Yes, the Braves got two more pitchers Friday night. Young pitchers. Arms for the future. Prospects.
It’s understandable for some fans to say, “When are they going to start getting some hitters?” I know. The Braves do need hitting prospects. It’s not like they have a lot of young potential Freddie Freemans in the farm system now.
But for now, the Braves are doing exactly what they need to do – acquire young pitching prospects.
I can’t say it enough. This is the right way to rebuild this franchise. Uh oh, I just used the word that has been avoided for almost 10 months. But look, now that we’ve seen all these trades and will see more in the next six days, let’s go ahead and call this what it is.
The Braves are rebuilding a broken organization. Last year at this time the major league team was a mess, and the farm system was embarrassing. Okay, so the major league team is a different kind of mess now, but look at what is happening with this farm system.
It’s a Braves system again. It’s stocked full of pitchers, from the trades made by John Hart and John Coppolella and the draft led by Roy Clark and Brian Bridges. And they are not finished.
Juan Uribe and Kelly Johnson went Friday night. There are others who will be next. It’s not a matter of if, but just when the trades will happen. Jim Johnson, A.J. Pierzynski, Chris Johnson (please someone be stupid enough to take Chris Johnson off their hands), Jonny Gomes and perhaps Cameron Maybin could be next.
And if the Braves are smart, they’ll continue to stockpile pitchers. Keep getting more arms. Maybe sprinkle a hitter or two in there, but don’t stop getting pitchers.
Here’s why I write this. Next Friday night we will know what the major league team looks like for the rest of the season. It’s not going to be pretty. This team is going to struggle for the final two months of the season. But here’s the silver lining. If the big league team struggles, they may just be bad enough to guarantee a top 10 pick in next June’s amateur draft.
Why does that matter? Well, if the Braves decide to sign a big-time free agent this winter, they would not have to give up the first round pick if they finish with one of the 10 worst records in the game. And with all the money coming off the books after this year, they could target a big-time free agent.
But also on August 1, we will be able to say that there are five weeks left in the minor league season and two months left in the big league season. That gives the front office plenty of time to fully evaluate the pitchers for the rest of the season.
Then, if I’m Hart and Coppolella, I invite a number of scouts to Atlanta for a pitcher’s conference. I have Fredi Gonzalez and Roger McDowell and every manager and pitching coach from each minor league affiliate. I have my top scouts who have seen the pitchers in Atlanta and on the farm also come in for the meeting.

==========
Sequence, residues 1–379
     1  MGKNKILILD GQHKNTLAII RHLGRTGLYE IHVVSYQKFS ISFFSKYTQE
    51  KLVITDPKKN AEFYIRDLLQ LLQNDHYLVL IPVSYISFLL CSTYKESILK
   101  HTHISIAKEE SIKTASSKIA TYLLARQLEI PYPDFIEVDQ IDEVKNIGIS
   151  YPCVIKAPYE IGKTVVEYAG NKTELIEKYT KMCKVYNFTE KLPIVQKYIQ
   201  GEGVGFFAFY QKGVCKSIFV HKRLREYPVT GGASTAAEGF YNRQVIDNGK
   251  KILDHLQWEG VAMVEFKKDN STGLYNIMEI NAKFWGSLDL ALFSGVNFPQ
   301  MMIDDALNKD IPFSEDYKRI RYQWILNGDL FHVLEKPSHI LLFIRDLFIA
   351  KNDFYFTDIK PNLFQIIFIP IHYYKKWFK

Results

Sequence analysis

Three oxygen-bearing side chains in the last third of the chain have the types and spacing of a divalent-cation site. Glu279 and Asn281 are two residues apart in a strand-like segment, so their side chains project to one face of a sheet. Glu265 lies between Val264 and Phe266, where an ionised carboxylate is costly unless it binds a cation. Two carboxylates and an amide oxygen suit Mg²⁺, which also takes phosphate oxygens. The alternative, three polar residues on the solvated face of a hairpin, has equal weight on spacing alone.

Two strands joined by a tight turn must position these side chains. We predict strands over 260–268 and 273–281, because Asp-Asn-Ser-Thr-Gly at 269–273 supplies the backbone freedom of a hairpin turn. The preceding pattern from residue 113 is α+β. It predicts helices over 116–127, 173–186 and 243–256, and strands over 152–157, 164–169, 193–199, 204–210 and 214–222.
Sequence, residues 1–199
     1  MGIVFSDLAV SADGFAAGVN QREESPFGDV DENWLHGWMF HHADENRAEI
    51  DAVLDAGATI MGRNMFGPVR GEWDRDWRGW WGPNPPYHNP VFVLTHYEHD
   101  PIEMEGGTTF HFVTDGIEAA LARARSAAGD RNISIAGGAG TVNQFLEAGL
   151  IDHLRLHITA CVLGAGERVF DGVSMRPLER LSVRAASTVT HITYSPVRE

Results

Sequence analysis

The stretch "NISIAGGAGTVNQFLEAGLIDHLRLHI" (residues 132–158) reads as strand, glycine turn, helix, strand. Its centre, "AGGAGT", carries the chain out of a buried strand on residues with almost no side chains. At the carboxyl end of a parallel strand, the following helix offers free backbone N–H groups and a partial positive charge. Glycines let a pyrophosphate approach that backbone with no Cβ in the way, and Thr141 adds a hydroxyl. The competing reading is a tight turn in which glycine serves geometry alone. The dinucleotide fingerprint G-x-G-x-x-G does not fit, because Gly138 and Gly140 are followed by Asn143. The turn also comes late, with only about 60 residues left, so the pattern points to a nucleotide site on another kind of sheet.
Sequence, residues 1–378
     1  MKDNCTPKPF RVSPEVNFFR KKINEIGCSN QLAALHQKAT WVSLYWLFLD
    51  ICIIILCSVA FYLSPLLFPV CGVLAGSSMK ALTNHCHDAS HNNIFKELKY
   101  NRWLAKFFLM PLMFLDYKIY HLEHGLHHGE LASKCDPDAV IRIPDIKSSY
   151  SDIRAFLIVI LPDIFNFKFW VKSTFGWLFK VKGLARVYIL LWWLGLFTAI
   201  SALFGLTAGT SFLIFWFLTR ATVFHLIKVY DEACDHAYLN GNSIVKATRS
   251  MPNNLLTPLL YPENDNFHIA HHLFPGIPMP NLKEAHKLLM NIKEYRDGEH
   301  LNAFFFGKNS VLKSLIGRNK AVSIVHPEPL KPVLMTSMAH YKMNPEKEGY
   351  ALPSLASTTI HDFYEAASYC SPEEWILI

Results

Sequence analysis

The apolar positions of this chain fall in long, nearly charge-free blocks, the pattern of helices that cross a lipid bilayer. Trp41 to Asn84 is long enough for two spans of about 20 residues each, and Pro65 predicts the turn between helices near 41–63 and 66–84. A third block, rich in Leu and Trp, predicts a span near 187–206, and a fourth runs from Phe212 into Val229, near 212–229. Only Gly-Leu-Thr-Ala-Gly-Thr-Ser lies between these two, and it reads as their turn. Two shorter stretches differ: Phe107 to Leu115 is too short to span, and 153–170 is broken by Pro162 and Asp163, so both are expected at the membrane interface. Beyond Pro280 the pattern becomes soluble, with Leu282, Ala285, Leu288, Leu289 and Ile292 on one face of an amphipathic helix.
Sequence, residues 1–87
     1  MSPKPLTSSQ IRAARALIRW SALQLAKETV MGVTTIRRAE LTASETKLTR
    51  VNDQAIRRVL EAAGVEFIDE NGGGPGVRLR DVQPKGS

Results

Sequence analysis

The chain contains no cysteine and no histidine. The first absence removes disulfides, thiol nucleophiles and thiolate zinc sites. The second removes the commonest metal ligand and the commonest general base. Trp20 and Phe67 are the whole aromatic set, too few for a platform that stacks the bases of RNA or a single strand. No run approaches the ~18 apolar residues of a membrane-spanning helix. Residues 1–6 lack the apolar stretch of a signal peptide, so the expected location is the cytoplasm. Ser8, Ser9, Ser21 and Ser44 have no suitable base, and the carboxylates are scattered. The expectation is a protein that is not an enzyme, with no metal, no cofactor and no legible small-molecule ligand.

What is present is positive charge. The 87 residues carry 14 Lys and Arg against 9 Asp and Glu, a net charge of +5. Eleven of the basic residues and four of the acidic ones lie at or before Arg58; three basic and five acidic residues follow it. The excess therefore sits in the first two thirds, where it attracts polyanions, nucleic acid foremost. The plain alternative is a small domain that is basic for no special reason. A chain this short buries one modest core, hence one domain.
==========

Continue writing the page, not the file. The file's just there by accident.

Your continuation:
Here are some of the questions that should be asked.
1. Which of the starters who pitched for Atlanta in 2015 should be part of the 2016 rotation?
2. Which of the Atlanta starters would you trade and why?
3. Which minor league starter is close and could contribute in 2016?
4. Which minor league starting pitchers have the highest upside?
5. Which minor league pitchers could become good trade bait – pitchers that will have value but who we will be comfortable giving up in a trade?
6. Who is in your 2017 Atlanta rotation?
7. Who is in your 2019 Atlanta rotation?
8. Which minor league pitcher do you just not like?
9. Which minor league starter that has struggled could turn it around?
10. Which minor league reliever could become a starting pitching prospect?
Every minor league starter should be scrutinized by everyone in the room. Then after hundreds of opinions are floated in the room full of scouts and coaches, Hart and Coppolella can determine how strong their pitching depth really is and who can be used for potential trades.
Oh, to be a fly on the wall when this meeting happens. And believe me, it will likely happen right after the season is over in early October.
These decisions will determine who is used to get the hitters that the Braves desperately need. They are accumulating pitching depth so that at some point, most likely this winter, there will be trades to get the players that will fill the lineup in 2016 and beyond.
Plus, if the Braves have a top 10 draft pick next June, it could be a hitter. That would be a high-upside bat that could be ready in 2018 or 2019, even sooner if it’s a college hitter. And don’t forget, the international stars that were signed earlier this month and the rumored international stars that might be signed next July. They are position prospects and will make the highly-ranked Atlanta farm system undoubtedly be ranked even higher by most analysts.
The equation is simple. Get as many pitchers as possible. Then decide which pitchers to trade and then target the position players (like third basemen and left fielders) that could be traded for pitchers. This will continue the process of getting the Braves where the front office wants it to be – back at the top in talent and hopefully in place to have consistent success.
Listen to “The Bill Shanks Show” from 3-6 p.m. weekdays on WPLA Fox Sports 1670 AM in Macon and online at http://www.foxsports1670.com/. Follow Bill at twitter.com/BillShanks and email him at firstname.lastname@example.org.
Braves keep stockpiling young pitchers
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